California's Guard Seeks Educational Funding

California's Guard Seeks Educational Funding
September 26th, 2008  
Team Infidel

Topic: California's Guard Seeks Educational Funding

California's Guard Seeks Educational Funding
September 25, 2008

Morning Edition (NPR), 11:00 AM
STEVE INSKEEP: California's National Guard is having trouble holding onto its troops, and not for the reason you might think. It's not because of the multiple tours in Iraq or the dozens of wildfires and other disasters they've had to deal with. It has more to do with the lack of benefits for things like education. California is the only state that offers its Guard members no assistance for school, as NPR's John McChesney reports.
JOHN MCCHESNEY: Staff Sergeant Jill Jamgochian has been in the National Guard for eight years. While she was in the Ohio Guard, she got her undergraduate degree with substantial help from the state. She's in the California Guard now, but she's quitting so she can get her masters degree.
Staff Sergeant JILL JAMGOCHIAN (California National Guard): It doesn't make financial sense for me to remain in the Guard. It's not that I don't like the Guard. It's not that I don't like the military. I love the Guard, and I wish I could stay in.
MCCHESNEY: According to Lieutenant Colonel Michael Wells, who's in charge of government affairs for the California Guard, Sergeant Jamgochian is not alone amongst California's 21,000 Guard members.
Lieutenant Colonel MICHAEL WELLS (Head of Government Affairs, California Guard): We lose over 25 percent of our force every year. You tell me what corporation in America could sustain a 25 percent loss of its workforce every year and maintain a productive force.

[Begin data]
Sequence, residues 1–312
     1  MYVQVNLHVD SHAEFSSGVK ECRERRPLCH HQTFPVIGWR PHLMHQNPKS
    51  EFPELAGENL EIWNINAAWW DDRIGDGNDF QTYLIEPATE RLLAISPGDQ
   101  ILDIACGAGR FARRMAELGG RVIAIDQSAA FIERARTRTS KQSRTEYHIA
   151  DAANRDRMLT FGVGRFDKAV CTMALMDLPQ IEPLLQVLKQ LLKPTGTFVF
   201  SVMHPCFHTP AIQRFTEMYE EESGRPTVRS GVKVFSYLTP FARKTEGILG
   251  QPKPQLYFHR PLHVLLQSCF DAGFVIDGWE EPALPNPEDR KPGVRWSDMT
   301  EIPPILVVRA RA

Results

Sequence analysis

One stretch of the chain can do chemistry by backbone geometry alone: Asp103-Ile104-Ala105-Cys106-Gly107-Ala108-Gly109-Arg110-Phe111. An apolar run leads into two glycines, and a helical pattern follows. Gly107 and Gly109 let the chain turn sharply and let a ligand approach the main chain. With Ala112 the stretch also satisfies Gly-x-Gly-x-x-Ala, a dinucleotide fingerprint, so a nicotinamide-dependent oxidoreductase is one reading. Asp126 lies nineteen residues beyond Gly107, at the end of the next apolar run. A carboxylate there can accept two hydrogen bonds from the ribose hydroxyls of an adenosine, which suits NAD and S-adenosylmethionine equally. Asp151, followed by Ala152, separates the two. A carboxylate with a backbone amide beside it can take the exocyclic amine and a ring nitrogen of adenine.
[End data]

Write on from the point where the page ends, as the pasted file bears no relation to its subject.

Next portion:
MCCHESNEY: California has the second largest Guard force in the nation, just behind Texas. Colonel Wells says he constantly encounters California Guard members who are confronting choices about how to get an education.
WELLS: Do I go to Nevada and join the Nevada National Guard? Or Arizona? Or Oregon? Or Washington? Or do I stay here? I can go to Nevada, and I can get an education benefit. I can go to Arizona, and I can get an education benefit.
MCCHESNEY: Wells points out that in addition to its considerable contribution to the wars in Iraq and Afghanistan, the California Guard has been called up three times this year alone to patrol the border and to fight fires. California Guard members are in Texas right now helping with the aftermath of Hurricane Ike. The state's Guard has asked for $3.3 million to start offering educational benefits. Republican state Senator Mark Wyland is chairman of the Senate Veterans Affairs Committee.
Senator MARK WYLAND (Republican, California; Chairman, Veterans Affairs Committee): That amount of money in a $100 billion budget is virtually infinitesimal. And the impact it would have on the Guard itself is enormous.
MCCHESNEY: And even though Governor Arnold Schwarzenegger supports it, this is not strictly a Republican measure. There is support for it on both sides of the aisle. Here's Democratic state Senator Lou Correa.
Senator LOU CORREA (Democrat, California): It's a correctly invested, morally invested money, so giving the National Guard educational benefits should be one of our top priorities.
MCCHESNEY: But clearly it's not, which leads some observers to say that the senior Democratic leaders of both houses have an anti-military bias. Again, Staff Sergeant Jill Jamgochian.
JAMGOCHIAN: You have some people who are afraid losing their California liberal Democratic voter base. They don't want to be seen as supporting the war effort.
MCCHESNEY: But Barbara O'Connor who teaches politics and media at Sacramento State University says that's not the case.
Dr. BARBARA O'CONNOR (Director, Institute for the Study of Politics and Media, Sacramento State University): I don't think it's an overt bias. I think they have a lot of competing programs. They're certainly not advocates of the position that the United States has taken in Iraq, and they've made that very clear. But I don't think that filters over into the treatment of the National Guard, who they value.
MCCHESNEY: But Democratic leaders have argued that college grants in California should be based on need, and Guard members shouldn't receive special status based on their service. In any case, the bill to provide benefits to the California Guard is doomed this year, lost in the struggle to make up a huge deficit. Supporters vow to bring it back until it passes. John McChesney, NPR News, San Francisco.

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